Anonymous: Songwriters, publishers and artists all deserve fair compensation for their works. If Consent Decrees were erased it would likely result in a more even split of the overall streaming revenues between artists/labels and publisher/writers. However, the fundamental concern here isn’t just the split, it’s the size of the pool. There just isn’t enough streaming money on the table being generated to compensate either artist/labels or publisher/writers. Spotify has only about 3.7 million paid US subscribers and the company is already offering steep family plan and student discounts. If they had 100 million subscribers paying an average of $6 mo. it would create gross revenue of $7.2 billion. Paying out 60% would total $4.3 billion So even with 100 million subscribers, a number we may never see in our lifetimes, the industry would shrink substantially from its current size of about $7 billion. I worry that Consent decree changes are simply too little too late. We need to be looking ahead to identify where the money will come from to make up for everything that is disappearing.
NEKST: Looking ahead at technology is not something we have traditionally been good at as an industry.
Anonymous: True. And what seems like the “big lie” now is that if we could just get a better royalty rate from the streamers then everything would be ok. They are already paying over 60% of their revenues. It will get better only if/when they can attract massive new revenues by dramatically increasing paid subscriber numbers. And don’t forget that most companies like Spotify are heavily in debt.
NEKST: Are we going to see a DIY (do it yourself) superstar, without a major label?
Anonymous: Yes. You can record in your bedroom and place it online for sale the same day. Social media and digital marketing can potentially get you heard. Those steps used to require a big investment. Labels may try to improve their odds of success by shifting investment away from newcomers, in favor of artists that have begun to establish a following and are already showing signs of marketplace acceptance. Further, that shift may also entice managers to compete against labels and sign new talent. Why can’t a successful manager invest in a new act, arrange distribution and outsource whatever services are necessary? Especially if radio promotion becomes less important.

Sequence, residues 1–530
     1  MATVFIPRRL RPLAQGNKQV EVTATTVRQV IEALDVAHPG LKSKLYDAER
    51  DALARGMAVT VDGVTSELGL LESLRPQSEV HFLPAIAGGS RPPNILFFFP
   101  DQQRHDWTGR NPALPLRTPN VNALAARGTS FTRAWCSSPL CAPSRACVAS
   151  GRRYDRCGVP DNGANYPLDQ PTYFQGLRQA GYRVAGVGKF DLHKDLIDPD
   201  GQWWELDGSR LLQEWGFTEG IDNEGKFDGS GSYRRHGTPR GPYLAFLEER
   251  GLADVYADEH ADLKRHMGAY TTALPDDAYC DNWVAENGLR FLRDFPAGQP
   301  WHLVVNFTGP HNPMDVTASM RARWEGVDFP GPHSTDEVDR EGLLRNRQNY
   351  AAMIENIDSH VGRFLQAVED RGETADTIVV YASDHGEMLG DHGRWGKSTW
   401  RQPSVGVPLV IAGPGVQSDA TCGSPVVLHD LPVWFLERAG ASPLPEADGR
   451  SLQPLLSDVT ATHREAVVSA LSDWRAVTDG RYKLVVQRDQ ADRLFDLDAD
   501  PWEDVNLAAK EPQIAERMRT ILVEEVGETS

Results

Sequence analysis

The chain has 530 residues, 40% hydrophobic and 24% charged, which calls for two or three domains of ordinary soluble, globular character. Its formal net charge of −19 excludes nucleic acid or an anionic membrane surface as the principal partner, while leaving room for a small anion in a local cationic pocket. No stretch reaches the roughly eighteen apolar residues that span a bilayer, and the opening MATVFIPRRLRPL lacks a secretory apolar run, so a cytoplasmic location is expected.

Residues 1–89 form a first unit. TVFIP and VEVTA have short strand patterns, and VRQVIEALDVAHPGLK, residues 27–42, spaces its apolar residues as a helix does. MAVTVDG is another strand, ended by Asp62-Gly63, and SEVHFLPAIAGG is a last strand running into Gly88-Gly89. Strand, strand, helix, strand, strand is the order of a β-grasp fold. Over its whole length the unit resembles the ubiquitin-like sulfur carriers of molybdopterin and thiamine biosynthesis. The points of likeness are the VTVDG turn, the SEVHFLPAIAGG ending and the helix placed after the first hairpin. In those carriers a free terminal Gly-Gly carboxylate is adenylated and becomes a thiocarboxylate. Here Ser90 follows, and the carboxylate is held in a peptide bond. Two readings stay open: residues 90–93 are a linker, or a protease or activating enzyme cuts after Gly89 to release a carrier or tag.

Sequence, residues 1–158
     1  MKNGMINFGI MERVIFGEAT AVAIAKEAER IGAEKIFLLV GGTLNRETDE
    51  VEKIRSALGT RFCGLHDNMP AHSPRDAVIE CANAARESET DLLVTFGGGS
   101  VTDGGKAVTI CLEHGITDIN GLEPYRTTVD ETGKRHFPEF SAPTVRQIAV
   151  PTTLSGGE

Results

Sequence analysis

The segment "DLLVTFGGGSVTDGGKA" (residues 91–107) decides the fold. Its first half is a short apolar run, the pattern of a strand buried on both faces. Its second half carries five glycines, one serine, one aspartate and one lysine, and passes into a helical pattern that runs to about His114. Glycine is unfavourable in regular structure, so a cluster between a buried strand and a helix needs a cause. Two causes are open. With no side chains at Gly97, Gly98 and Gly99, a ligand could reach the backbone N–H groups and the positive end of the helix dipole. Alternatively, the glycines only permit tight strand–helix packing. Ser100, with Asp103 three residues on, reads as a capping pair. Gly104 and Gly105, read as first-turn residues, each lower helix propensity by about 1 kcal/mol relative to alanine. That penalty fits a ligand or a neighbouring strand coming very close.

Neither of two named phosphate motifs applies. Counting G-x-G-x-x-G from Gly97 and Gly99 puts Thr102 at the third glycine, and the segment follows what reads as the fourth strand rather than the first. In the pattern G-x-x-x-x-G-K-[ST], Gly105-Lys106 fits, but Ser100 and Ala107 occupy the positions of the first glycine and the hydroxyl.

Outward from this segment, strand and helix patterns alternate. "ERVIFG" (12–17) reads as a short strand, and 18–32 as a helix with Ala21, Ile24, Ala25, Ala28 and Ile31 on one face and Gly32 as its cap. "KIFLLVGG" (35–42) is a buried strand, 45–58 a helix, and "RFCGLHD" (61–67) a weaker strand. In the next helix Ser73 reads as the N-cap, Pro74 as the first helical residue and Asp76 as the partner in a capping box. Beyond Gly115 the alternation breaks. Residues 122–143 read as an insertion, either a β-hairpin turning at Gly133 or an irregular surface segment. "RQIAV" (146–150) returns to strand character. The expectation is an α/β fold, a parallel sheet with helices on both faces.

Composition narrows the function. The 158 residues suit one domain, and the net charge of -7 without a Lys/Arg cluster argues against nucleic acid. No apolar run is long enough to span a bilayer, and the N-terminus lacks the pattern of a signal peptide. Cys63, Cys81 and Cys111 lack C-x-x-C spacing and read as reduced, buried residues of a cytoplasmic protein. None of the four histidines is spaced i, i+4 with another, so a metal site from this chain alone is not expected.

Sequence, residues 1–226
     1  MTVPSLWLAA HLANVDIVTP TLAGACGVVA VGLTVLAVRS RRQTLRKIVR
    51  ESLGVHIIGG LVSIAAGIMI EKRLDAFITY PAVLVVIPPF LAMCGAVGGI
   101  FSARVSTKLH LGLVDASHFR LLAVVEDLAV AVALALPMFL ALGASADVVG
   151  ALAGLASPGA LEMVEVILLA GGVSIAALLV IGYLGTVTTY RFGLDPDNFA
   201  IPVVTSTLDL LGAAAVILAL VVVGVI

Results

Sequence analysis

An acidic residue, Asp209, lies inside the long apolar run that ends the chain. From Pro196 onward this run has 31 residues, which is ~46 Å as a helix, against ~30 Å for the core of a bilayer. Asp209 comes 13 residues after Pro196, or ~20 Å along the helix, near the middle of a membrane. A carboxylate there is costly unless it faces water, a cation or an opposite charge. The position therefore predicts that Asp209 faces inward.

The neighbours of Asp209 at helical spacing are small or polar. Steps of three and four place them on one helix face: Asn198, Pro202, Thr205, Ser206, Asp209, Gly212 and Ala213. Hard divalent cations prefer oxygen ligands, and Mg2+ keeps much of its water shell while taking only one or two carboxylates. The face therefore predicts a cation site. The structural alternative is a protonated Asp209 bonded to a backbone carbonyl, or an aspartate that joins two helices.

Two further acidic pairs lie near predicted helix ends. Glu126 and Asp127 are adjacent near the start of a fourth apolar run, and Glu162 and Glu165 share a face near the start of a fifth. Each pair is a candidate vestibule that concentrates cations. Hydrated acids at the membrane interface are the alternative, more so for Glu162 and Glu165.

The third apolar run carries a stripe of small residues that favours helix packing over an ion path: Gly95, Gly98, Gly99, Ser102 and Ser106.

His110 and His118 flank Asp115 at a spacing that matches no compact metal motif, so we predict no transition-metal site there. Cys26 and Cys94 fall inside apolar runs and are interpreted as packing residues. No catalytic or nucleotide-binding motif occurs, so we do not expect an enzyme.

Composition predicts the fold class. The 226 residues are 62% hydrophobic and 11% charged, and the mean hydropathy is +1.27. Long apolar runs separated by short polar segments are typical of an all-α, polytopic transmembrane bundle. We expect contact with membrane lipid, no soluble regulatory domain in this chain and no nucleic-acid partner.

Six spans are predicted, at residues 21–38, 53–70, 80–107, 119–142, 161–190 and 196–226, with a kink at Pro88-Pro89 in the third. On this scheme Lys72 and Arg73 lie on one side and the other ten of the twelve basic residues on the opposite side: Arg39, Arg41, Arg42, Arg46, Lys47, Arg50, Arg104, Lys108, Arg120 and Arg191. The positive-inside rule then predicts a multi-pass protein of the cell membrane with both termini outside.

NEKST: Let’s go back to revenue streams. Can you “show me the money?”
Anonymous: If music sales dollars are shrinking and streaming is a disappointment, what’s left? Touring is a powerhouse for highly established acts and even new acts will more actively embrace grass roots touring as a means to offset expenses and build that all-important following. Ancillary streams will also become increasingly important for career success. Artist branding, merchandise and endorsements will bring added value and play a growing role in monetizing a career. Country radio has already recognized this. Large media chains like Cumulus, Clear Channel and Town Square Media are already selling access to the music lifestyle and its artists across a variety of channels. (They aren’t selling music, because they see there’s no money in that end of the biz.) People want to see these artists, hear them perform and other brands want to benefit from that engagement. Different types of media access including Award shows may also become revenue streams. Performing on a show used to result in a large sales bump. Those bump days seem to be mostly over, so it seems likely that artists will start asking to share in the high dollar network licensing fees. Do an interview with your national magazine? Sure, paycheck please.
NEKST: Closing comments?
Anonymous: The entertainment industry needs to come to grips with what lies ahead by looking at revenue streams—those that are drying up and new ones that might offer opportunities. And then not be afraid to try new things.